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  1. #26
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    Well you would use ob_clean(); before setting the header. However, this is more less a terrible way to do things. However, there isn't much you can do about it when programming procedurally. You headers must be set before sending any output. Therefore, using ob_clean(); will clear everything and you'll be fine. Again… more or less a hack but it does the job.

  2. #27
    SitePoint Guru tictike's Avatar
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    Quote Originally Posted by oddz View Post
    Well you would use ob_clean(); before setting the header. However, this is more less a terrible way to do things. However, there isn't much you can do about it when programming procedurally. You headers must be set before sending any output. Therefore, using ob_clean(); will clear everything and you'll be fine. Again… more or less a hack but it does the job.
    I think I'm getting it.. So is the point to program in such a way to just not output anything before redirecting if you know you'll be redirecting?

    Also, with ob_clean() on the line right above header(), I'm getting the same error, that output was already sent. Could there be something else I'm forgetting?

  3. #28
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    Quote Originally Posted by tictike View Post
    ...but I don't get why I have a logic error.
    The logic error is that you're doing things in the wrong order. You're sending html before you actually determine whether or not you actually should send html. It's like doing this:
    PHP Code:
    echo 'top secret stuff';
    if (!
    $user_is_logged_in) {
        
    // crap, we told them before 
        // checking whether or not they are allowed to see it...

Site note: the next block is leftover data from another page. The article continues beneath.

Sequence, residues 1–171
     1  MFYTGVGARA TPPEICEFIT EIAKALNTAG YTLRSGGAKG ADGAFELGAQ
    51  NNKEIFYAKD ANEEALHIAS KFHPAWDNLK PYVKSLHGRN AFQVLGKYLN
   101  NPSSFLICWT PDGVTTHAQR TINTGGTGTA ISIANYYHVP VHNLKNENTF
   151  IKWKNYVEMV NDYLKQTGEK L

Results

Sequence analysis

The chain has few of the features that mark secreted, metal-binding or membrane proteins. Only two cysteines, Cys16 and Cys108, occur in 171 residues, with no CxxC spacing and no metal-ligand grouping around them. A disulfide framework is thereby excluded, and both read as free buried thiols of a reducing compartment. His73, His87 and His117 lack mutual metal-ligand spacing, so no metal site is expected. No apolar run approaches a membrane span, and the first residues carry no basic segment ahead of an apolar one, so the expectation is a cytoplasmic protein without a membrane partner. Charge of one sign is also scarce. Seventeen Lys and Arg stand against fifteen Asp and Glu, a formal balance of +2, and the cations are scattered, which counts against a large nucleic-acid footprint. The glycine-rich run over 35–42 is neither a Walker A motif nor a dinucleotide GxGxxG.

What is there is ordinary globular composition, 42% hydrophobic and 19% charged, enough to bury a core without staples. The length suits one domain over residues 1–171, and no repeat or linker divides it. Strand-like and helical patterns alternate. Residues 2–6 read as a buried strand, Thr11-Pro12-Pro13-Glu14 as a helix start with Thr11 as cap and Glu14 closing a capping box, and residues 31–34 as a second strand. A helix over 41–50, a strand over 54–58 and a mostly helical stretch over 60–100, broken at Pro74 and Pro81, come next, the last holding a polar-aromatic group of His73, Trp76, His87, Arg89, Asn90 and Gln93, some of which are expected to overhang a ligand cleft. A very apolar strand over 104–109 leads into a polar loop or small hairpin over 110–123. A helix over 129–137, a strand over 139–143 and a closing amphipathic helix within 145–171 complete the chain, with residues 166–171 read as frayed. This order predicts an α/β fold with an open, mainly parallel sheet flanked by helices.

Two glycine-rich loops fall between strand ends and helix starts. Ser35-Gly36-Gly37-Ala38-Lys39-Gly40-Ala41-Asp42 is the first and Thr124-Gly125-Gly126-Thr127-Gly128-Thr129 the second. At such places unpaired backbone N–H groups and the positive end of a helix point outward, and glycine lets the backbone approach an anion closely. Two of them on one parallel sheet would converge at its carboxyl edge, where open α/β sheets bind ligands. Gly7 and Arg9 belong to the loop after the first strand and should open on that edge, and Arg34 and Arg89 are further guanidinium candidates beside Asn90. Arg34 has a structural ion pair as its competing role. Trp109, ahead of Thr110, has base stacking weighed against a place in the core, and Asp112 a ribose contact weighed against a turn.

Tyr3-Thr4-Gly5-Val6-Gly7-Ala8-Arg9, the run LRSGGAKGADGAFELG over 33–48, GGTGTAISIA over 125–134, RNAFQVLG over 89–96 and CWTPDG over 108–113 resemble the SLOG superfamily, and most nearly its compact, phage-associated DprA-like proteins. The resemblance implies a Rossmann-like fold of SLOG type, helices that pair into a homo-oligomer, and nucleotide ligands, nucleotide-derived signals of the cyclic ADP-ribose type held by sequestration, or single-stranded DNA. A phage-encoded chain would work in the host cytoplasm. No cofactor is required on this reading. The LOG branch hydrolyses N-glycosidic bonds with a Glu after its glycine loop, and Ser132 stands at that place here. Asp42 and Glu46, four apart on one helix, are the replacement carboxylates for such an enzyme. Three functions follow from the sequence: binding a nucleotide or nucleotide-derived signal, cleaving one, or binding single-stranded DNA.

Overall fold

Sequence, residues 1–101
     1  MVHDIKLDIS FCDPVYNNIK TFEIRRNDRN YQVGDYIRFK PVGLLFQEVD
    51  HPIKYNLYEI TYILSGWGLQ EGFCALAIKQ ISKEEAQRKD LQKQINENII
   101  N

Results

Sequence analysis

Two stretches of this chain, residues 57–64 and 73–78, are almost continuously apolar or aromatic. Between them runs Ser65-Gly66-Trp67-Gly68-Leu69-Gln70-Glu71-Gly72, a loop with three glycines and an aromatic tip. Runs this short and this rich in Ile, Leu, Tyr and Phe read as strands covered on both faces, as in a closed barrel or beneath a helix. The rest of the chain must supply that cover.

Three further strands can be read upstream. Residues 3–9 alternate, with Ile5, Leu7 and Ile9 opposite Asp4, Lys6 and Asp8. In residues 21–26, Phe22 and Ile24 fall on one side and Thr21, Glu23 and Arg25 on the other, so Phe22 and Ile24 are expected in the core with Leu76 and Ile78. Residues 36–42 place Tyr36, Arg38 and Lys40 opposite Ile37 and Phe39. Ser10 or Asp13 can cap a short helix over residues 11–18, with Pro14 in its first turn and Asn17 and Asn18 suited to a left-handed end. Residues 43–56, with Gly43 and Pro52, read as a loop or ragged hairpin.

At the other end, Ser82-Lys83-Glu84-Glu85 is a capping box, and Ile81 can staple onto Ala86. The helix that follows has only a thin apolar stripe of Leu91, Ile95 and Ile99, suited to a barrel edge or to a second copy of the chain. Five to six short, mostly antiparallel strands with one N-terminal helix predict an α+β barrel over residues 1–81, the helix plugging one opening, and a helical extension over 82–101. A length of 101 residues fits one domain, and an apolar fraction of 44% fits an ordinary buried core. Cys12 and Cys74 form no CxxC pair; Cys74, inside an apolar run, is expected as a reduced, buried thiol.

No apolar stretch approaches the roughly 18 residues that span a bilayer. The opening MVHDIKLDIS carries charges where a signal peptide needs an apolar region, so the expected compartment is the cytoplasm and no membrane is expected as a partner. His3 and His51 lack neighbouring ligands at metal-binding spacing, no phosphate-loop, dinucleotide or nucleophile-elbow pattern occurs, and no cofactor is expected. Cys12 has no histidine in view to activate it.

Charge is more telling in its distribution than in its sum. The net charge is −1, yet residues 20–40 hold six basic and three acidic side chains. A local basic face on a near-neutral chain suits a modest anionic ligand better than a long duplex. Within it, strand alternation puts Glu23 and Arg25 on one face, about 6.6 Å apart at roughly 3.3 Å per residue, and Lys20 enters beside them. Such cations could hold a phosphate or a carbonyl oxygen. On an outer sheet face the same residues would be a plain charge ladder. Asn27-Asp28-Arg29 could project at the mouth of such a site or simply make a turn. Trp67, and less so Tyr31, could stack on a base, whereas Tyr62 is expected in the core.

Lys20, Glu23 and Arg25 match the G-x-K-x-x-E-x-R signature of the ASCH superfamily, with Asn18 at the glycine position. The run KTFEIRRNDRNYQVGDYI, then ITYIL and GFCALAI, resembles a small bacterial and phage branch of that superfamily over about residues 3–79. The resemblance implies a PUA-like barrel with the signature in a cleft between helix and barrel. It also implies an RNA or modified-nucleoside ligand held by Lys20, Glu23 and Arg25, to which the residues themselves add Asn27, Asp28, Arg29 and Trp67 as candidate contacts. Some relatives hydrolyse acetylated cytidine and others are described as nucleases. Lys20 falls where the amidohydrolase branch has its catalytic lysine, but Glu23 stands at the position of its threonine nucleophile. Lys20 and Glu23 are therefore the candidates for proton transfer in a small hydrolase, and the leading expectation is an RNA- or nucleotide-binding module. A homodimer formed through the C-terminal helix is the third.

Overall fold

PHP Code:
    //proper logic
    if ($user_is_logged_in) {
        echo 
    'top secret stuff';

    But...the fact that output buffering is possible in php actually makes the first example proper logic(if you happen to be using output buffering). Proper logic or not, it's generally considered poor design.

    Regardless, it can be very convenient in certain cases. But be aware that your program flow and structure is off.

  4. #29
    SitePoint Guru tictike's Avatar
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    Quote Originally Posted by crmalibu View Post
    Regardless, it can be very convenient in certain cases. But be aware that your program flow and structure is off.
    Thanks. I will keep this in mind as I learn php.

    So, if I can't get ob_clean() to work as suggested by oddz, is ob_start() and ob_end_flush() an alternative in this particular situation, considering the logic I'm using in a procedural style.

  5. #30
    SitePoint Guru tictike's Avatar
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    Quote Originally Posted by tictike View Post
    Thanks. I will keep this in mind as I learn php.

    So, if I can't get ob_clean() to work as suggested by oddz, is ob_start() and ob_end_flush() an alternative in this particular situation, considering the logic I'm using in a procedural style.
    Better yet, does anyone have suggestions of how I could change what I'm doing as to not output anything before a redirect? Should I not mix html and php, but instead use more includes?

  6. #31
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    Includes aren't really going to solve the problem. You really need to commit to structure supporting separation between display and application logic. Whether that is MVC or some other structure is up to you, but using includes will result in the same problem ultimately.

  7. #32
    Programming Since 1978 silver trophybronze trophy felgall's Avatar
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    Quote Originally Posted by tictike View Post
    I was going to ask a similar question, then I saw this thread was on top. I am a beginner, and I am using a redirect after output, however, I am getting an error, as expected . So here is the code (minfied to only include the necessary parts for this demo). Please point out the logic error.

    Code PHP:
    <?php require_once('functions.php'); ?>
    <!DOCTYPE HTML PUBIC "-//W3C//DTD HTML 4.01//EN" "http://www.w3.org/TR/html4/strict.dtd">
    <html>
    	<head>
    		<!-- head markup -->		
    	</head>
    	<body>
    		<div id="header">
    			<div>
    			<?php
    				if($foo == $bar){
    					// do something
    				}
    				else{
    					header('Location: index.php');					
    				}
    			?>
    			</div>
    .
    .
    .
    .

    Again, I'm a beginner, but the logic looks just fine to me. I pull in a functions file, and based on a simple if statement the page redirects.

    I understand that php doesn't want to redirect after it has already started output....but I don't get why I have a logic error.
    Code PHP: